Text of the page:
5. Gilbert J. Fournie et al.  Induction of autoimmunity through bystander effects: lessons from immunological disorders induced by heavy metals.  J. Autoimm 2001:16:319-326.
  6. Benjamin Rowley and Marc Monestier.  Review: mechanisms of heavy metal-induced autoimmunity.  Mol Immunol 2005;42:833-838.
  7. Glinda S. Cooper Et al. Occupational risk factors for the development of systemic lupus erythematosus. J Rheumatol 2004;31:1928-1933.
  8. J.F. Nyland et al.  Biomarkers of methylmercury exposure immunotoxicity among fish consumers in Amazonian Brazil. Environ Health Perspect 2011 Dec; 119(12):1733-1738.
  9. F.C. Arnett et al. Urinary mercury levels in patients with autoantibodies to U3-RNP (fibrillin). J Rheumatol 2000 Feb;27(2):405-410.
  10. Caroly M. Gallagher and Jaymie R. Meliker.  mercury and thyroid autoantibodies in U.S. women, NHANES 2007-2008.  Environ Int 2013; 40:39-43.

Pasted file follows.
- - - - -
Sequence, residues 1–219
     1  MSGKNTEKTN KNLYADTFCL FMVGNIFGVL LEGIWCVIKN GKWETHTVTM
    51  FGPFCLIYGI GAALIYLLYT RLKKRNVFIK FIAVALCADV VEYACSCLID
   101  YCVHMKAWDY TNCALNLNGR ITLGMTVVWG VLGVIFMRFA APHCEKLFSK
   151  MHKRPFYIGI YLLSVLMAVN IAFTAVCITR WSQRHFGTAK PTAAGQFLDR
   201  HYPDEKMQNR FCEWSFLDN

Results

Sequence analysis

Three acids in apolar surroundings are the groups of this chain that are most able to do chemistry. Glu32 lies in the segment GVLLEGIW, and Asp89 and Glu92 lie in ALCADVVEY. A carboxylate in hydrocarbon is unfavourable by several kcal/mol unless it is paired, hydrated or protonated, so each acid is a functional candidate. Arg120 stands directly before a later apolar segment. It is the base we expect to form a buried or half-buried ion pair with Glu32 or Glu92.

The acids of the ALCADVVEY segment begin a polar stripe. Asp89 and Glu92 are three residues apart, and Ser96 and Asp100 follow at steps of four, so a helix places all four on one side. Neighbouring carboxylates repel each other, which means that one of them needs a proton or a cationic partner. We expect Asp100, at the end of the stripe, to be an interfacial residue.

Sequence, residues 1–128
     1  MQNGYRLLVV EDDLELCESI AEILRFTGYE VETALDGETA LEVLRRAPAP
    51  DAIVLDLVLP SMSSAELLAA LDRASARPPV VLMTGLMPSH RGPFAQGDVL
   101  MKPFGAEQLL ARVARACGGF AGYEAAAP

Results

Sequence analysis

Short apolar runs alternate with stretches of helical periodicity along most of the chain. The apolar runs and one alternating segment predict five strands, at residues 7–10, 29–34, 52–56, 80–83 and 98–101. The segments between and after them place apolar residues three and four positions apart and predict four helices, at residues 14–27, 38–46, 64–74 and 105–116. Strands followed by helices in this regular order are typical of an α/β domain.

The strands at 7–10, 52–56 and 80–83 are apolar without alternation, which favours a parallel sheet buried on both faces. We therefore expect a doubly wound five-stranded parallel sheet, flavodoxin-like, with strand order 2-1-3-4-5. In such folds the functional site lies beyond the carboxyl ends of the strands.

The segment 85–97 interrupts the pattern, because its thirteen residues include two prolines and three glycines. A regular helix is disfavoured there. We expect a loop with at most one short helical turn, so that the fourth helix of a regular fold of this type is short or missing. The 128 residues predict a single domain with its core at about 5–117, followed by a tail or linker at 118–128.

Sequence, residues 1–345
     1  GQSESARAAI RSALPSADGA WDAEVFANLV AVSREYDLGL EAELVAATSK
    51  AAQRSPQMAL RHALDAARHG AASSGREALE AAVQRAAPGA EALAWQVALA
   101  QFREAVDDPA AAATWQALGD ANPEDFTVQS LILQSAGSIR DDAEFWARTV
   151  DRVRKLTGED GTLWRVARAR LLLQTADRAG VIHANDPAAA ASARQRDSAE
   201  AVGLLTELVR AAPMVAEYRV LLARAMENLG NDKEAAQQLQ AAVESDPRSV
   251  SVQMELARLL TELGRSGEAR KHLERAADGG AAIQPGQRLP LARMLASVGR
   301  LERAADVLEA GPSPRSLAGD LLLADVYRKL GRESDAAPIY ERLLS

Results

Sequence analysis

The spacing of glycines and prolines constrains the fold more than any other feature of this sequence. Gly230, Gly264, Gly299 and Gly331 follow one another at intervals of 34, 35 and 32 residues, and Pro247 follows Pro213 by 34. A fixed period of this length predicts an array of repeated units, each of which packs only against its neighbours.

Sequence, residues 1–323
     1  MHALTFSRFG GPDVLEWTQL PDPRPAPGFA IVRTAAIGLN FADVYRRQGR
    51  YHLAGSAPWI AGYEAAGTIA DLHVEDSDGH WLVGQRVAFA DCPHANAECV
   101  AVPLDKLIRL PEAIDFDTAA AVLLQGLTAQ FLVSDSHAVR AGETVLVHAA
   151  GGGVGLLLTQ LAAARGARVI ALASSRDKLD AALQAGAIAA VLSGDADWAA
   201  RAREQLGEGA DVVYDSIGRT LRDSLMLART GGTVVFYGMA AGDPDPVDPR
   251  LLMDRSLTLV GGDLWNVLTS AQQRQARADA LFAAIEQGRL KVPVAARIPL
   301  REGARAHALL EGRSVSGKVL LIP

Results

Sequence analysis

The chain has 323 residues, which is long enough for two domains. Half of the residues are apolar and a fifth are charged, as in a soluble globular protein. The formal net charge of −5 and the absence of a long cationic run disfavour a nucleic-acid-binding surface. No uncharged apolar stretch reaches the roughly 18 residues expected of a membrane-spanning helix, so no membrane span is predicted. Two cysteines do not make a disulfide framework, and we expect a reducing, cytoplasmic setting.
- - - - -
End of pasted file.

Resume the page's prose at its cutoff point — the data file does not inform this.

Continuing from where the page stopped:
11. Mercury and autoimmunity: implications for occupational and environmental health.
  12. Caroly M. Gallagher and Jaymie R. Meliker.  mercury and thyroid autoantibodies in U.S. women, NHANES 2007-2008.  Environ Int 2013; 40:39-43.
  13. Fibromyalgia: Understand the diagnosis process
    • Your doctor can't detect it in your blood or see it on an X-ray. Instead, fibromyalgia appears to be linked to changes in how the brain and spinal cord process pain signals.
    • Possible fibromyalgia triggers
      • traumatic event, such as a car wreck
      • genetic factor

Saturday, December 7, 2013

Referrer Spam: Good Referral vs. Bad Referral